Thursday, March 18, 2010

(R)Evolutionary Thinking

I was at the Field Museum in Chicago in December, where they have a terrific exhibit about evolution. The heading of the sign on the rights says

"Evolution is one of science's best-supported theories."

THIS WEEK, the movie Creation (about Darwin's life) is at the Michigan Theater, so it seems appropriate to honor Darwin's contribution to a huge paradigm shift that has taken place over the last 150 years.

Charles Darwin's thinking was evolutionary, and also--Revolutionary. He was able to be a (r)evolutionary thinker because he was a wonderful observer, and he was simultaneously open-minded. He read widely, and he thought about multiple fields of science. I learned about him in college classes in geology, biology, and environmental studies.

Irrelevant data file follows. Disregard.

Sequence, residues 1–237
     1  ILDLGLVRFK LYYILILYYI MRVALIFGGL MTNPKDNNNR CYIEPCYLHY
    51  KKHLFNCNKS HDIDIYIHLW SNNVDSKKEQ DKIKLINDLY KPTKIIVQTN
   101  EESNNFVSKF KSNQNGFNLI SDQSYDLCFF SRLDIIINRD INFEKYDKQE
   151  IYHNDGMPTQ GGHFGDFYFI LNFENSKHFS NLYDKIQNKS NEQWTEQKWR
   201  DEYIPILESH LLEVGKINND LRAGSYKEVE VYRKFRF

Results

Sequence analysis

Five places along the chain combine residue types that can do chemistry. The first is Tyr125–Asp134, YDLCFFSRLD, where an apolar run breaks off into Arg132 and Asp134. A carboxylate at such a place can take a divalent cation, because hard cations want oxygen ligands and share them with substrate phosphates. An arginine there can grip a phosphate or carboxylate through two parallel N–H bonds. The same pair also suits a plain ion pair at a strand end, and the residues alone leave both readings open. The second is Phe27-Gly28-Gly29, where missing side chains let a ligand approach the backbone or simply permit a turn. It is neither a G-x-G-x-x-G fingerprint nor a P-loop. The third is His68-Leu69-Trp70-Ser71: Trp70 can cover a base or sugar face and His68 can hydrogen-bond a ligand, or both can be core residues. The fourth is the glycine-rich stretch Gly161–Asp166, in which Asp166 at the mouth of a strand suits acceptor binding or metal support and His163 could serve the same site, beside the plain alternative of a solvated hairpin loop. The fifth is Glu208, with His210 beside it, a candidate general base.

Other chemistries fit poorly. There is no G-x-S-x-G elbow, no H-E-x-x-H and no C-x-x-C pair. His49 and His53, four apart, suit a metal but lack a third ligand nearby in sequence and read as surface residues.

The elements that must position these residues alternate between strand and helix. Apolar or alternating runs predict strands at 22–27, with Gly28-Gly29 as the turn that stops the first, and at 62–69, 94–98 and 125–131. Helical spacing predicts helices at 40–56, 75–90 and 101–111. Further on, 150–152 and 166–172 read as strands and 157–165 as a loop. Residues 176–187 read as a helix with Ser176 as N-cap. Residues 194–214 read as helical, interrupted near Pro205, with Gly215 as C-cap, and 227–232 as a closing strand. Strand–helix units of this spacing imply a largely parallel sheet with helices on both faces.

And yet, debates persist. [And honestly, I don't understand that. I don't see any conflict between evolution and religion. If the "hand of God" is in everything, then why not in evolution?] You can read more about these debates in the Chronicle of Higher Education.

You say you want a revolution? Well, you know--we all want to change the world.


I think Charles Darwin did.

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